Wednesday, May 11, 2016
More Public Speaking...
It's about 4:00 pm right now so I think it's safe to say that we've all survived our Research Proposal presentations. Congratulations to everyone!
I know that most people would expect a post like this to talk about how much I've improved since the journal club presentations and that actually, I don't hate public speaking. That Nicole and I made up a game plan early on because we learned from our past mistakes and through the power of friendship we produced a perfect proposal.
However, just in same way that we do real science in the lab, my journey with Nicole did not follow a plot of a cheesy movie.
For one, I still loathe public speaking.
Secondly, although Nicole and I are great friends and did manage to pull through this, mistakes were still made.
Our proposal had bounced around through quite a few avenues. We could do something with quantum dots, or miRNA sensors, or reattach an arm! When we had settled on the idea of combating immunosuppression caused by tumors, we didn't look specifically look at exosomes at first. Actually, I wasn't aware that exosomes caused immunosuppression until I had finally gotten to class (30 minutes late....sorry...) to pitch our proposal and Nicole communicated the exosome idea to me via our google doc.
I would like to give a shout out to my lab partner, Nicole, who has the amazing ability to come up with things on the spot!
Although the idea of targeting cancer derived exosomes lead to fixing more problems than just immunosuppression, it also created a lot of challenges. The goal was to find a way to just target these exosomes and remove them from the body. However, most of the surface proteins on the exosomes were common among other exosomes. So we couldn't just cover cancer derived exosomes with a bunch of nanoparticles because it would cause off target effects. Also, we needed either the digestive system or immune system to flush these exosomes out once they were tagged. Because our original idea of a competitive inhibitor nanoparticle wasn't going to accomplish either of these goals, I had started to research ways that we could use exosomes to combat the production of tumor exosomes.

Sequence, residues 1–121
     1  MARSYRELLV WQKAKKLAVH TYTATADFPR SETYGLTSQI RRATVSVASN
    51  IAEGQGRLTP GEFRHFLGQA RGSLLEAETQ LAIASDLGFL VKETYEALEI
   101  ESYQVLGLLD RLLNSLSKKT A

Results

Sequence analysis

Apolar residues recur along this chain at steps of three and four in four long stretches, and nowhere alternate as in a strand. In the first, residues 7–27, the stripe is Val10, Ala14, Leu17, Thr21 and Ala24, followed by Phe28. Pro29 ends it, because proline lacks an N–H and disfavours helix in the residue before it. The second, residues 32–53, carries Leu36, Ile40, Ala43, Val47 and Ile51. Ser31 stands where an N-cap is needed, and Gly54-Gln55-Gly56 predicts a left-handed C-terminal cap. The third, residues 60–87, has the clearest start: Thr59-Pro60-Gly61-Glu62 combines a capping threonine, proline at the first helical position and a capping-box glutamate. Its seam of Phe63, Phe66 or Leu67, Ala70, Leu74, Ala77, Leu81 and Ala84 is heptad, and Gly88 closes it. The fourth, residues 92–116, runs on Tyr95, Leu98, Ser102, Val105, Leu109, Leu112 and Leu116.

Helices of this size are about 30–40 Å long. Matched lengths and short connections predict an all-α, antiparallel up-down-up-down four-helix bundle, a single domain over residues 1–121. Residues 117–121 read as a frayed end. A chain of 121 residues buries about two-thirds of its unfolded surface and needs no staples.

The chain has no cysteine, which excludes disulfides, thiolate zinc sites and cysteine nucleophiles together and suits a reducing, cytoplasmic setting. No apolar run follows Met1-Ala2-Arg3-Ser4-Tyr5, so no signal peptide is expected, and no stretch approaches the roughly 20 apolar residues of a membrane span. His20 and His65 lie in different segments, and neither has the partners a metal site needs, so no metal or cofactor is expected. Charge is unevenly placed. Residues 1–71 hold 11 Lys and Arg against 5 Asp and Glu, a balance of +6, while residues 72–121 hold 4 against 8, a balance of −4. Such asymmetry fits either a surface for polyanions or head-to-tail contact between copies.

However, we were still dealing with these complications when I abandoned my labmate (I'm so sorry, Nicole!).
I left MIT and went back home over the weekend to go with my boyfriend to his senior prom.
I know, I'm shameless.
Needless to say, not much of the proposal was going to be done over the weekend. So when I came back Monday night, Nicole and I hammered out our proposal presentation. In case you're wondering, yes, the protein chaperone idea came about on Monday night through the creative ideas that only come about one in the morning.
The next day, tragedy struck. When I texted Nicole asking what time we should meet up to rehearse, she had said that she had woken up feeling like a steam roller had ran her over.
However, she pushed through, we rehearsed, and got through our presentation. Although she was near death, Nicole was still able to present our ideas eloquently and intelligently and I really don't know how she did it. I wasn't even sick and my legs were trembling the whole time!
I would like to thank Nicole for everything this semester. She has honestly pulled through when I most needed her and she has been patient with me through this whole learning everything in the lab process. Thank you for being the best labmate anyone could ask for.